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The Ninth Circuit granted a petition for review of the BIA's decision affirming the IJ's denial of petitioner's application for withholding of removal and protection under the Convention Against Torture (CAT). Petitioner seeks withholding of removal based on her fear that she would be persecuted in Guatemala on account of her membership in the particular social group of "indigenous women in Guatemala who are unable to leave their relationship."The panel declined to hold that the Attorney General's decision in Matter of A-B-, 27 I. & N. Dec. 316 (A.G. 2018), was arbitrary or capricious and held that the Attorney General did not announce a new categorical exception for victims of domestic violence or other private criminal activity. Rather, the BIA must conduct the proper particular social group analysis on a case-by-case basis. The panel explained that the BIA seems to have erroneously understood Matter of A-B- to forbid any mention of feared harm within a proposed social group. In this case, the BIA's determination was plainly contrary to the Attorney General's requirement that claims must be carefully analyzed under the framework established by the BIA's precedents. Therefore, because the BIA avoided the case-specific inquiry demanded by Matter of A-B- and the BIA's precedents, the panel granted the petition and remanded petitioner's withholding claim. The panel also remanded petitioner's CAT claim for further consideration. View "Diaz-Reynoso v. Barr" on Justia Law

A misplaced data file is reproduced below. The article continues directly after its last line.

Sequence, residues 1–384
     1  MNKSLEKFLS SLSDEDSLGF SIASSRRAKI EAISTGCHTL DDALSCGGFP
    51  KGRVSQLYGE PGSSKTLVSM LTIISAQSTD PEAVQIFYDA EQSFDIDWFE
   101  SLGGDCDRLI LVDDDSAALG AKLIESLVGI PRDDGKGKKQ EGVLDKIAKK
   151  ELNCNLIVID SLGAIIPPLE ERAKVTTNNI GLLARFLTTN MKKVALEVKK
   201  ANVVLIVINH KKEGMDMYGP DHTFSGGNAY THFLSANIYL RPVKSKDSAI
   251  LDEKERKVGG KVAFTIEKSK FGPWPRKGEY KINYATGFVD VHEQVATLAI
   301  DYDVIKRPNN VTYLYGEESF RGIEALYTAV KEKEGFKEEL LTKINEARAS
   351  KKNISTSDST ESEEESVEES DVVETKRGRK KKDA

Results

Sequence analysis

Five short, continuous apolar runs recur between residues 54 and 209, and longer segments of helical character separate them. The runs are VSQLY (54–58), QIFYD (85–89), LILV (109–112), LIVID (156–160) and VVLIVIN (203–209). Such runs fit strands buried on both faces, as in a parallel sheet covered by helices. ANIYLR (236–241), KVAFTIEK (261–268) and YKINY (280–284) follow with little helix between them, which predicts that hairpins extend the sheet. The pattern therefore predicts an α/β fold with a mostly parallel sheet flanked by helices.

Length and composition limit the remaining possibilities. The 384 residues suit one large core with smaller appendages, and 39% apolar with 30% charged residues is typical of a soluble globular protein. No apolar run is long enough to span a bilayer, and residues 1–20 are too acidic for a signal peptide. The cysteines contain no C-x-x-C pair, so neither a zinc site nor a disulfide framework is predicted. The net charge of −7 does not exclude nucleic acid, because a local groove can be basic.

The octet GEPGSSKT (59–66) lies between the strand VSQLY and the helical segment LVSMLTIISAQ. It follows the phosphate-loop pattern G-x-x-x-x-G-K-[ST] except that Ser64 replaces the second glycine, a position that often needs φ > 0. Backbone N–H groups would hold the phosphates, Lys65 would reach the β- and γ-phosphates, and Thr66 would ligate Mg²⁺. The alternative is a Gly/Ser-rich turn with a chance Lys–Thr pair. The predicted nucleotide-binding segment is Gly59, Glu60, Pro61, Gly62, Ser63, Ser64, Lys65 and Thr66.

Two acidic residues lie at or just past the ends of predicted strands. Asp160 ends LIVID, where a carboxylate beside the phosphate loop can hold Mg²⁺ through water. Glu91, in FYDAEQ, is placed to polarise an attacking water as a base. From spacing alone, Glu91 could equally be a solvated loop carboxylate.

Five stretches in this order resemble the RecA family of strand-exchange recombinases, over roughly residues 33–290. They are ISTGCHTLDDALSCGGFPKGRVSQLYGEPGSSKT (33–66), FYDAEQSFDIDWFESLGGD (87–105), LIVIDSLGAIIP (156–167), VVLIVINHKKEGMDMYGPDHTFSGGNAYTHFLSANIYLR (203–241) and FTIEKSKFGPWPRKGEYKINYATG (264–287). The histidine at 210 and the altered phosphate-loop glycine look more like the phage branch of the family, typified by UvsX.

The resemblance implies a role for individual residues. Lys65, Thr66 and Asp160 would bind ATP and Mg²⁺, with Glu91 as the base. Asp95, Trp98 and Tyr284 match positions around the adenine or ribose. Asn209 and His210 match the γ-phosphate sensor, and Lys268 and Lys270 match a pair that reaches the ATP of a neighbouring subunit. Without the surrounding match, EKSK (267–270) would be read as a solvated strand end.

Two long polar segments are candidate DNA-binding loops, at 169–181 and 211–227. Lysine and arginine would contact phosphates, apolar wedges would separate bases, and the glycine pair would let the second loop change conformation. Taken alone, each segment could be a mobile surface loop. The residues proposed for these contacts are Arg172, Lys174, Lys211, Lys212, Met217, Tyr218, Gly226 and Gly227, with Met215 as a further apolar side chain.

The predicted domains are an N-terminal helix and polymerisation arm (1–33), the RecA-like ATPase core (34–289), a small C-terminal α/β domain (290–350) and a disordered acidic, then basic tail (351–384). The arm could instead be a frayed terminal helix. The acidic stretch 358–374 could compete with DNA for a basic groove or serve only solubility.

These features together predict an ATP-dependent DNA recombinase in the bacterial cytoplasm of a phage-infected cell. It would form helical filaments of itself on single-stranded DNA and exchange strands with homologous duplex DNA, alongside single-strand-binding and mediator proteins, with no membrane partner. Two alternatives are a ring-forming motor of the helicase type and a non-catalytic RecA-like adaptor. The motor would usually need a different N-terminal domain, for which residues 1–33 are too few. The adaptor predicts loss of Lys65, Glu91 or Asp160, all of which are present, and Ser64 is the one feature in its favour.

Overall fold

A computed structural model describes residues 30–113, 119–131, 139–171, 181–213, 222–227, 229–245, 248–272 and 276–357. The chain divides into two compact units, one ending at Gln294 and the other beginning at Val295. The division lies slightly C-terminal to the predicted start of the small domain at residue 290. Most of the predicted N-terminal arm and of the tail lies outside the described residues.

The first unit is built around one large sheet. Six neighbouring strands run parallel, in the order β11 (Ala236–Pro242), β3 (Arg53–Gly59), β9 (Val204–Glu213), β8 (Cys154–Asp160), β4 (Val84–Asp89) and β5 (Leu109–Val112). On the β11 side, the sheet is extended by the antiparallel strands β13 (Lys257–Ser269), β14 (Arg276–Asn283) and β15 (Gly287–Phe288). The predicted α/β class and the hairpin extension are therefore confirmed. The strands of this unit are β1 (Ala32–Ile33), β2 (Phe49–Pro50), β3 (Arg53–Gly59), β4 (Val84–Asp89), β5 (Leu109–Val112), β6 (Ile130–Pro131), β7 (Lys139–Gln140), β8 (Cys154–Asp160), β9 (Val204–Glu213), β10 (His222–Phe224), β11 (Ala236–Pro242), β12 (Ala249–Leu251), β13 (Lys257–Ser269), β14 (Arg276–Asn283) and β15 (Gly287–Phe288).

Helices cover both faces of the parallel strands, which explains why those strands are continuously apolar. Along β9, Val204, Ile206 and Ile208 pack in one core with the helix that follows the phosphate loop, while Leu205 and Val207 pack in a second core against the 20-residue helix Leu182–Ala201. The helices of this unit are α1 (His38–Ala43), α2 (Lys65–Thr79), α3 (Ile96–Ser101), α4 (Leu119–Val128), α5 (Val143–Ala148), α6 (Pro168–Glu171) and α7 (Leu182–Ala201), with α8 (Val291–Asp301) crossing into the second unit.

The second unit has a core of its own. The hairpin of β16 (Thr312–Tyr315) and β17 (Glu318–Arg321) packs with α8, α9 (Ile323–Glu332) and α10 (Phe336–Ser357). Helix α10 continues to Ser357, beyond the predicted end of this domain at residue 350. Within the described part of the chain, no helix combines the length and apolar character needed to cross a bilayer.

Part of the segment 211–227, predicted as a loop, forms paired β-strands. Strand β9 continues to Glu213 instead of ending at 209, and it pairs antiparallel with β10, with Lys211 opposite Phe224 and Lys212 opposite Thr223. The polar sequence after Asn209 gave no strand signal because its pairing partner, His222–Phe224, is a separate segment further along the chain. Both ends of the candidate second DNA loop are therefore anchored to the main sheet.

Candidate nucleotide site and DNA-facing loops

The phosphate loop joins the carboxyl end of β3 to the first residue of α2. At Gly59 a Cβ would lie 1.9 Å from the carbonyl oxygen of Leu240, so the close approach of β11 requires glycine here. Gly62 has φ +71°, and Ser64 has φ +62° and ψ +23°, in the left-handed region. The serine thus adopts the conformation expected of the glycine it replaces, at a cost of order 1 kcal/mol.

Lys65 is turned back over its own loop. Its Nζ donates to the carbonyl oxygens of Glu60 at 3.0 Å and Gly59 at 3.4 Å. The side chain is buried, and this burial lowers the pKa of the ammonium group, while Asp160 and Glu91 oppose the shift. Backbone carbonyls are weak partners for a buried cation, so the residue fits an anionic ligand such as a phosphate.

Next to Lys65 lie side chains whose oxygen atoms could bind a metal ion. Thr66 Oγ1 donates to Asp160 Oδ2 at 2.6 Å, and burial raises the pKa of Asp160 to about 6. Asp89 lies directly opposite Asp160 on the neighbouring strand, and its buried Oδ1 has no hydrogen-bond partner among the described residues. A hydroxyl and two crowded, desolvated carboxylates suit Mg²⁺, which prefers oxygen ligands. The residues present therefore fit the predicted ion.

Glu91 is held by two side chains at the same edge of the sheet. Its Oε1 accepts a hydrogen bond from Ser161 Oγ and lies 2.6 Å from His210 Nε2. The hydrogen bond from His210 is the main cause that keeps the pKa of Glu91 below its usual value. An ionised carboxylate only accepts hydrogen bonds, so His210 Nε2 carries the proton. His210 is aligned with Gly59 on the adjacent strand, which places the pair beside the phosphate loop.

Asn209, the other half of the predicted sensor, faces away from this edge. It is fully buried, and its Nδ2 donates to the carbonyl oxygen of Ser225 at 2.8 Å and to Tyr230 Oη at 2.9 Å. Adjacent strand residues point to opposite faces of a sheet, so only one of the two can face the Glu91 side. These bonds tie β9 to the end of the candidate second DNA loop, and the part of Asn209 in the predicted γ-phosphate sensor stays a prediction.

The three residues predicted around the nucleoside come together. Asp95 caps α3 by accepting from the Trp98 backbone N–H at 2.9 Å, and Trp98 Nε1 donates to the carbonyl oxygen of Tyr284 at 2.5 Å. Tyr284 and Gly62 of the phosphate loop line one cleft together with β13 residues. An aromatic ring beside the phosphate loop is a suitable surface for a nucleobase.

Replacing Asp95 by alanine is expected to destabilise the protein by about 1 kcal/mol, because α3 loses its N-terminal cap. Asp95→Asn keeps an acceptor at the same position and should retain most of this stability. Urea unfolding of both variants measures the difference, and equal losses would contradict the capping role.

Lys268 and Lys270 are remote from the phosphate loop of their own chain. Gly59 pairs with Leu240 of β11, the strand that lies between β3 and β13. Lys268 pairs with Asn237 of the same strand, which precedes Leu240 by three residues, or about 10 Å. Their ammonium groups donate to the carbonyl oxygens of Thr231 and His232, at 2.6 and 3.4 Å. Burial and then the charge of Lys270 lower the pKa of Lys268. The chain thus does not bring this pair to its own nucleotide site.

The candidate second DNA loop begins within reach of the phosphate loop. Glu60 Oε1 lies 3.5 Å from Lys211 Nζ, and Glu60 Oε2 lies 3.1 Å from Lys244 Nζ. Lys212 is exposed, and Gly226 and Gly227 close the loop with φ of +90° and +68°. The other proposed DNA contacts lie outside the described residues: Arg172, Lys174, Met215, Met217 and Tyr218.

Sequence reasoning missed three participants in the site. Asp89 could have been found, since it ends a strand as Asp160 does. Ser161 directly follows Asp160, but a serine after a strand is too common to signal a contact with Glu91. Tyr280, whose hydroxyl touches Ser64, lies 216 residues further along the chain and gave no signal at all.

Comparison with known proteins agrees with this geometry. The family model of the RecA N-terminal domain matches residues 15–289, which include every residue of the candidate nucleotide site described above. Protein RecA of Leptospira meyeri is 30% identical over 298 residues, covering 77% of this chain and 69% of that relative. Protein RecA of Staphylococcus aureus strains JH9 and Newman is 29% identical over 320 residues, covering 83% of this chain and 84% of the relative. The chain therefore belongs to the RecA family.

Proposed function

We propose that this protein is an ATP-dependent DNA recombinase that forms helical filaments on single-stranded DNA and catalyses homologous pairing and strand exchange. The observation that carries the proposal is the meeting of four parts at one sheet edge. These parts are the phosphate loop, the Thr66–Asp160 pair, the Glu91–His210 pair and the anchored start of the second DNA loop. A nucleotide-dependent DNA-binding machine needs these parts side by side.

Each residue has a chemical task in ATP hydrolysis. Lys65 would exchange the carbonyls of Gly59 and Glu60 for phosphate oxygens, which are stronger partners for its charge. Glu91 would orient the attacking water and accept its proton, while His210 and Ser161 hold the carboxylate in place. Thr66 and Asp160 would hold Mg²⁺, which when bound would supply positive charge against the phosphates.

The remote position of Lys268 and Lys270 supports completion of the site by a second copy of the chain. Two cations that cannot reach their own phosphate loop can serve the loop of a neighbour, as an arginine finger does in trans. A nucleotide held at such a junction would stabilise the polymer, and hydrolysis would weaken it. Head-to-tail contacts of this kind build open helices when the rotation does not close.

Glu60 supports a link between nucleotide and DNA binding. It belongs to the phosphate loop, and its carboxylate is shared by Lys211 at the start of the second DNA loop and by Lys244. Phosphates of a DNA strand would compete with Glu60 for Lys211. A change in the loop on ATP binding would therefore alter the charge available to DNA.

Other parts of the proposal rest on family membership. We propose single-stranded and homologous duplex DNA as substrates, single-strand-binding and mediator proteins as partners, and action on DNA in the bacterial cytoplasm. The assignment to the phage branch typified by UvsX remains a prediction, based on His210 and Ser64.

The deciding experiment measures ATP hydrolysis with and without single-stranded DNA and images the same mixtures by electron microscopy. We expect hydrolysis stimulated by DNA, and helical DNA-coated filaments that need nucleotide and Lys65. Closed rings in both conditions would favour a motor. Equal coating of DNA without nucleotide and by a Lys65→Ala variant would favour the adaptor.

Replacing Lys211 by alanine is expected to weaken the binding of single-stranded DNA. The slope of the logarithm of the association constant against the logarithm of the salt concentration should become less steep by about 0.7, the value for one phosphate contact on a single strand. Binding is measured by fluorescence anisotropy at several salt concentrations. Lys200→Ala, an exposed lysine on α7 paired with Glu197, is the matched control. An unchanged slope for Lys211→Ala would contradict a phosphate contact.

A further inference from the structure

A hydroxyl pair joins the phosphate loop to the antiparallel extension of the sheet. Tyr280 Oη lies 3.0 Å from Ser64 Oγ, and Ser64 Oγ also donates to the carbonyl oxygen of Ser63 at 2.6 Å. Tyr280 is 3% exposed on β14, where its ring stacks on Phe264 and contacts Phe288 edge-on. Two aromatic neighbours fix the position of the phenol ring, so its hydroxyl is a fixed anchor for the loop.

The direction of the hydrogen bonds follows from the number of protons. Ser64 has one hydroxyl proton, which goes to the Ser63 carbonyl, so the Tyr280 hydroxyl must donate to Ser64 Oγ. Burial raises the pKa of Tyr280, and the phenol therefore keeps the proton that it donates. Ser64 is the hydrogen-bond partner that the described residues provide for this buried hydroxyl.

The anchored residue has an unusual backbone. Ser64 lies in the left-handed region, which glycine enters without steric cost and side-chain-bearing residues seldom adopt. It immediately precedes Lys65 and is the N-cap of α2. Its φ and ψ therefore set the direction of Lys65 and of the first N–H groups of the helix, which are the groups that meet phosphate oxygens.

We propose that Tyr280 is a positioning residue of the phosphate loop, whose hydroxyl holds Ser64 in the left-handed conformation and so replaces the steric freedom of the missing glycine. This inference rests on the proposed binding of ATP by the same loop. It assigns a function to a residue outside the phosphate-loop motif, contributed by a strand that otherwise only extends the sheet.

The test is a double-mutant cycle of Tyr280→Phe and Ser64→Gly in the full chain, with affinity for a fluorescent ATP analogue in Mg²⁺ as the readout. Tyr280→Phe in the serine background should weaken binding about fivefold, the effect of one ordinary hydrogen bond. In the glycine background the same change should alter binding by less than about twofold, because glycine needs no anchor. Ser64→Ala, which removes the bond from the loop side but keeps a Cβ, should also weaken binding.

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The Ninth Circuit granted a petition for review of the BIA's determination that petitioner's California conviction was "categorically one for an aggravated felony offense relating to obstruction of justice," and dismissal of his appeal. Because the panel in Valenzuela Gallardo I applied the Chevron framework to the BIA's construction of the aggravated felony of an offense relating to obstruction of justice, and the panel does not believe any exceptions to the law of the case doctrine apply here, the panel must proceed to Chevron Step One. The panel explained that both a de novo interpretation of the obstruction of justice provision utilizing traditional tools of statutory interpretation and a Chevron Step One analysis lead to the same conclusion.The panel held that "obstruction of justice" under 8 U.S.C. 1101(a)(43)(S) is unambiguous in requiring an ongoing or pending criminal proceeding, and the Board's most recent interpretation is at odds with that unambiguous meaning. Furthermore, because "obstruction of justice" under section 1101(a)(43)(S) unambiguously requires a nexus to ongoing or pending proceedings, and California Penal Code section 32 does not, petitioner's state criminal conviction is not a categorical match with the aggravated felony offense charged in his Notice to Appear. Therefore, the panel vacated the removal order. View "Valenzuela Gallardo v. Barr" on Justia Law